It’s the season when moose are on the move, and, though I’ve yet to have a spring moose-meeting, it’s also the season when, as the woods thicken with leaves, I savor past meetings. Here’s one from few years ago in southern Vermont.

More to Say

I’ve studied the map’s contours and know that I have a modest ascent of some 600 vertical feet to begin this day. I like climbing as a starter — it suggests a steadiness that can become automatic, the sort of walking where my Limmer boots kick out the cadence and I can watch the trail and nearby terrain rise and then slide away. The uphill work brings the outrush of breath that is as close as I come to making music. It is, of course, a monotonous music; it continues the way a steam-engine chuffs as the wheels turn and turn. But I also find my breathing aligning with remembered soundtracks; a few of these hover just behind my measured breaths — today, and for this walk’s duration, it’s the old (The Band, especially their song, “The Weight”) and the relatively new (Jack Johnson and his jaunty, though dark, ruminations about “your shadow”, which “walks faster than you”). My “music” becomes the measure of my walking; it is the sound of miles passing under my feet.

I am many bars of song into the morning and nearing the top of a nameless elevation, peak 3025, when something makes me glance up. There, ten uninterrupted feet away is a moose; I could touch him if I reached with the pole in my right hand. I say “him” because as we exchange a first long look, I note his rack of antlers. They are symmetrical and two pronged; they even look a little silly on his large, elongated head, like a tiny tiara. I say, breaking the silence between us, “You are new to all this, aren’t you?” The moose regards me without expression; he stays put. “Well, Mr. Moose, what are we to do next?” I say, keeping up my end.

The trail bends a bit at this point, passing ten feet to the moose’s left before it drops over a ledge and away. I wonder if I can walk this periphery or if it will take me inside whatever zone of anxiety the moose has set for himself. Faintly, I recall that this may be “rutting” season. “The rut,” intones some guidebook from my past, “is a time of unpredictable behavior for a male moose. They are best avoided during rut, when they have been known to charge people, cars, even in an unconfirmed tale, a train.”

Well past such avoidance I slip into the stasis of wonder. Thirty seconds pass. I consider it good news that the moose continues chewing the poplar leaves he’d been stripping from the stunted trees. Who charges anything while eating?, I think. The unpredictable, I answer. I would be less unnerved if a few of these wrist-thick trees were interposed between us, and yet I know that even this small moose (I figure he weighs 400-500 lbs) could snap such trees like balsawood were he to run at them. I’ve been as close to a moose before (specifically ten ledge-supported feet above a huge, fully racked male a decade ago), but I was unobserved and the wind was blowing my scent upslope, away, as he browsed his winter diet of twigs. The unblinking stare of this minor moose keeps triggering small explosions of speculation: “What’s next? What’s next?” cries the little man in my mind who likes to be in charge.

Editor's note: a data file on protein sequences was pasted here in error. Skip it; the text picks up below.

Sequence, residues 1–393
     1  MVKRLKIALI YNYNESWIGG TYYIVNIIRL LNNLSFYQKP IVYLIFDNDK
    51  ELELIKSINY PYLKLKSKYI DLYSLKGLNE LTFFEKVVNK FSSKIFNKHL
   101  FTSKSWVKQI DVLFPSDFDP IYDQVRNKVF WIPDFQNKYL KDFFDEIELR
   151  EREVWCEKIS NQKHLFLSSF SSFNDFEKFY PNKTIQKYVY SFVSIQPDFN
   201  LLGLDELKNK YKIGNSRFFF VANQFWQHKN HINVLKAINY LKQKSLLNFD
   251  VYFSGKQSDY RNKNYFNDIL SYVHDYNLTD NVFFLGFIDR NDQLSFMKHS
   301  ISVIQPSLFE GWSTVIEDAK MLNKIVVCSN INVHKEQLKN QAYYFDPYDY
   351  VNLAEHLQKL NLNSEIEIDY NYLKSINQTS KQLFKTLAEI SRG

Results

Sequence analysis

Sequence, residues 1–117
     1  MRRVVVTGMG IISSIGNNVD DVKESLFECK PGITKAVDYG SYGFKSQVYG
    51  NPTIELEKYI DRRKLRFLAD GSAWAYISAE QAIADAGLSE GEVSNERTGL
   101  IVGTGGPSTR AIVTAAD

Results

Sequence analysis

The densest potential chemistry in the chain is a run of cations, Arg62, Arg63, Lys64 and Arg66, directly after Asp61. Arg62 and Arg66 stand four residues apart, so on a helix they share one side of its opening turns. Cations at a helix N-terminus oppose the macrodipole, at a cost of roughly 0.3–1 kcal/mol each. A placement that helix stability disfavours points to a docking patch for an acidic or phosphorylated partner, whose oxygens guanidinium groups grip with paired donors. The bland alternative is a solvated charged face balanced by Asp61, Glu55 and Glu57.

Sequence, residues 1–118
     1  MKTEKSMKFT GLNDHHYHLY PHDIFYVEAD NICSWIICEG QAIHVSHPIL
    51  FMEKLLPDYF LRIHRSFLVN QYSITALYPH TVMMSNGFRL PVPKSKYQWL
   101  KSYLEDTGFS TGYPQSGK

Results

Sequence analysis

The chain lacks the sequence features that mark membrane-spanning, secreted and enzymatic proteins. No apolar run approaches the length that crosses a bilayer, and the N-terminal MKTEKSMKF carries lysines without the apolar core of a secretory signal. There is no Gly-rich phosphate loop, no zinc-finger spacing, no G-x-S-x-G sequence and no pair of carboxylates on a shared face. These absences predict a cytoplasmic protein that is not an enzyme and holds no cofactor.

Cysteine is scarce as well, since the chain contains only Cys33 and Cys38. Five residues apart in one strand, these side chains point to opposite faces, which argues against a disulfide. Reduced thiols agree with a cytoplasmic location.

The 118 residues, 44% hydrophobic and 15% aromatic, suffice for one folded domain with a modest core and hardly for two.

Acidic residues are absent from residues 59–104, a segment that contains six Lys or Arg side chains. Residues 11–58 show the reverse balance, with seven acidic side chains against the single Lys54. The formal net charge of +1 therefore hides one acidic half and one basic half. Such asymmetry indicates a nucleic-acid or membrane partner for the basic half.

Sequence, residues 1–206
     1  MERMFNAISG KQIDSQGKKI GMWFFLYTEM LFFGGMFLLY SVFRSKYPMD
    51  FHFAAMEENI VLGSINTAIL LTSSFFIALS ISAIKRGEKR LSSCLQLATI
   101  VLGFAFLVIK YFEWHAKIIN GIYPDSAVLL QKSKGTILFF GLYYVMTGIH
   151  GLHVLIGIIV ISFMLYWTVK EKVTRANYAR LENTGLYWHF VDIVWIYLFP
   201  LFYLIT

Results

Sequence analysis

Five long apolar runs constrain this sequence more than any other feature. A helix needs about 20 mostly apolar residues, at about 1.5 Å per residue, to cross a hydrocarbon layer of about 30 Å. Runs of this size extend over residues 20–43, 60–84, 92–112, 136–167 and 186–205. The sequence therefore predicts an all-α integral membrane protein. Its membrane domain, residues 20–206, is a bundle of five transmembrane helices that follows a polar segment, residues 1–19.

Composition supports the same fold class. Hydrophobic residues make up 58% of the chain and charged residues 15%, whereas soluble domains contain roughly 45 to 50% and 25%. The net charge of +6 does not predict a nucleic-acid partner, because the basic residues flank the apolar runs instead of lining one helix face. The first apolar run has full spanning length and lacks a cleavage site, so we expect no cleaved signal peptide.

Next, finally, is a sidestep I take to the left; the moose turns a degree to face me. I step left again; the moose turns the next degree. We repeat. Until I am the same ten feet distant but now at the point where the trail begins to depart from this grove. The moose has shifted stance for each step I’ve taken, turning about 20 degrees, and we look again across the narrow distance into each other’s eyes.

A flutter of more remembered mooseology, this from an article on wolves, their lifetime dancing partners in fully-fledged woods, heartens me. My moose is behaving just as genetic wisdom would have him: over long generations moose have learned that running from their primary predators simply exposes their flanks to attack; better to face any threat head-on with your bulk and lethal hooves. (This hard-wired strategy accounts also for the burgeoning problem of car-moose collisions on New England’s roadways. Threatened by the rapid approach of a car, a moose will face it down; drivers, applying the lessons of their own logic, expect a moose to run deerlike, or at least step out of the way. Locked in strategies with no overlap, they collide, and the car is wrecked and the moose dies.) I resume our conversation: “Well, now that worked out as it should, eh Mr. Moose?” I add the Canadian “eh” in deference to his northern roots. And then, as I turn to walk away, he too turns back to the leaves, and I watch the long, head-high shanks of his hindquarters and the young, defined muscles that shift him silently back into the poplars.

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